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Liberia’s growing mineral water industry

Published date:
Wednesday, 29 February 2012

Liberia’s mineral water industry has begun to take center stage as the sector moves to increase the country’s export. Enjoying government’s subsidy in the form of tax incentives, the country’s mineral water industry continues to boom on all fronts.

Made-in-Liberia mineral water is found in all supermarkets, neighborhood shops, restaurants, and street corners in major cities and towns in Liberia and elsewhere. It may recalled that few years ago, the government of Liberia increased duty or tariff on imported mineral water and reduced taxes on locally produced water.

According to government, the decision was aimed at encouraging Liberian-owned water companies to add more value to their products and take no chance with their product integrity.

Liberian entrepreneurs became interested in this sector in recent years. However, the business has continued to expand boundlessly. New brands continue to debut on the market on any given day. Of course, mineral water is a flourishing business in a number of West African countries including Nigeria, Ghana, and Cote d’Ivoire where it has generated employment for millions of people.

Mineral water producers in Liberia, like others in the sub-region, package their water in plastic sachets and bottles. Today, four brands stand out as the most sought after among the fast growing wave of mineral water companies. They include Aqua Life, AQAURUS, Vista, and Blue Lake. They are all produced in Liberia and have been locked in fierce competition for control of the local market.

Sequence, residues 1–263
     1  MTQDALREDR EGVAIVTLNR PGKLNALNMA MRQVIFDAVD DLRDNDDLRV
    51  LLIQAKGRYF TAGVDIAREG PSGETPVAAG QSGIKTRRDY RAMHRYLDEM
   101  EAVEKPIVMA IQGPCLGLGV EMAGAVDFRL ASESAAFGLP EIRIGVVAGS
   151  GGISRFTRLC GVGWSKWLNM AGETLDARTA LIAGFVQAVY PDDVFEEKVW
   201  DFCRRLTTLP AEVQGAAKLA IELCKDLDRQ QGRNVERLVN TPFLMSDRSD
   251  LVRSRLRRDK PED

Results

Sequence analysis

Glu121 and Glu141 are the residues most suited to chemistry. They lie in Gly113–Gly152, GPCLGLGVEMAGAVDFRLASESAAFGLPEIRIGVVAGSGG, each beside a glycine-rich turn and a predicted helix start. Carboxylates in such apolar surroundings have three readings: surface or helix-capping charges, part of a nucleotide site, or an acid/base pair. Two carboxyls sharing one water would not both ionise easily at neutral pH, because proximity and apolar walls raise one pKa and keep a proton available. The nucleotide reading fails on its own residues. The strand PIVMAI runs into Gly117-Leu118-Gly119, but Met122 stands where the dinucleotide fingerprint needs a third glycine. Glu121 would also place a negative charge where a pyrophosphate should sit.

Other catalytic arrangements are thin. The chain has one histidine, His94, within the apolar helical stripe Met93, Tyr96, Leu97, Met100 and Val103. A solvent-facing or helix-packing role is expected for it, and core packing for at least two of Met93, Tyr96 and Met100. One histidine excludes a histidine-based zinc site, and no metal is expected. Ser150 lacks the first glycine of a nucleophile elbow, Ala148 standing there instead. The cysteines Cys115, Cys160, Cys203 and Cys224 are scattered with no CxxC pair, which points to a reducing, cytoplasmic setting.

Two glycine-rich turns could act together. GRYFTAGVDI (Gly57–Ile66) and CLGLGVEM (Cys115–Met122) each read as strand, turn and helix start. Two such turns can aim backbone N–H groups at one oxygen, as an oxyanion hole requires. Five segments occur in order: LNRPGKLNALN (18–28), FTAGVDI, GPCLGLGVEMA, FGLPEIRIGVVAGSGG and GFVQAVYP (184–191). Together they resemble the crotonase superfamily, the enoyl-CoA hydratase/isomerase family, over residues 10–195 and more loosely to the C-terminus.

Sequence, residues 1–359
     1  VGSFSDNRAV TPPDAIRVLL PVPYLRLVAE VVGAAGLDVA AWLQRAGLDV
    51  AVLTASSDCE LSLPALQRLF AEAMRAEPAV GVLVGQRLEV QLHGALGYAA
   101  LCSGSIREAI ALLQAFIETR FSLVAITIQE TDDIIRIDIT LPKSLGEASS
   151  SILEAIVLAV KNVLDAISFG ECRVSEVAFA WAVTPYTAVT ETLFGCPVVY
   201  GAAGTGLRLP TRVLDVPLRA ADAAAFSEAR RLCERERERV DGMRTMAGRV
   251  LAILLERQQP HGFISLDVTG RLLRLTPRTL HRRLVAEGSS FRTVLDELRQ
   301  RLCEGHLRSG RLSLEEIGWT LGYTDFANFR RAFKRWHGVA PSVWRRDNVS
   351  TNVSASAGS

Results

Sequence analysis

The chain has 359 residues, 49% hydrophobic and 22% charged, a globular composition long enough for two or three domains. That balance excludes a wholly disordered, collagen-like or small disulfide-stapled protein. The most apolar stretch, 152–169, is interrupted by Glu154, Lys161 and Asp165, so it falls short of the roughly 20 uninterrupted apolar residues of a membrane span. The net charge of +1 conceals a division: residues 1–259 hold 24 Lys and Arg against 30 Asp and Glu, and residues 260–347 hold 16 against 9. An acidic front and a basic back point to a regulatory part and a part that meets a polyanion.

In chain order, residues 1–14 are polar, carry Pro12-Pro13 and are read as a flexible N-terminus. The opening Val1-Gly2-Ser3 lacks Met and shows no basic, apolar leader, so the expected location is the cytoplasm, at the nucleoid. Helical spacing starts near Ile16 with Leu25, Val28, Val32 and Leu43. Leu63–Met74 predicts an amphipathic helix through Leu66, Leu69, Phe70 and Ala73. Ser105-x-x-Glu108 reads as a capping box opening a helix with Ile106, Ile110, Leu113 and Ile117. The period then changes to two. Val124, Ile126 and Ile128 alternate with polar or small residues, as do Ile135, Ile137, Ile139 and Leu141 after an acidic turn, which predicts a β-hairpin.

Though the local market appears to be dominated by one, the other three companies are not sitting supinely. Some of them have gained access to international markets, where they have focused their attention on exporting their products.

For example, AQAURUS and Blue Lake enjoy exporting their locally produced water to European, American and the Middle Eastern Markets.

According to sources, the Management of AQUARUS even enjoys unflinching rights, under the Africa Growth and Opportunity Act (AGOA), to export to American and European markets. Blue Lake, on the other hand, exports to Middle Eastern market.

Pipe borne water is very scarce in Monrovia where nearly two million people live. Electricity and water supply sources were all destroyed during the war. Many communities therein depend on water from hand pump, which is not safe for drinking.

The Water & Sanitation department of the Ministry of Health has regulations regarding to construction of wells, to ensure safe access to water, a service that is sometimes ignored to the detriment of many communities. In many quarters, septic tanks are built in yards without the foresight of a well for drinking and domestic use.Subsequent wells dug too close to septic tanks cause water to be polluted, thus causing many people to fall victim to diarrhea or even cholera.

“ Latest AGOA Trade Data currently available on

Click here to view a sector profile of Liberia's bilateral trade with the United States, disaggregated by total exports and imports, AGOA exports and GSP exports.

Other regularly updated trade statistics on include: (click each link to view)

  • AGOA-Beneficiary Countries’ AGOA and GSP Trade Aggregates

  • AGOA Trade by Industry Sector

  • Apparel Trade under AGOA’s Wearing Apparel Provisions

  • Latest Apparel Quotas under AGOA

  • Bilateral Trade Data for all AGOA-eligible countries individually.

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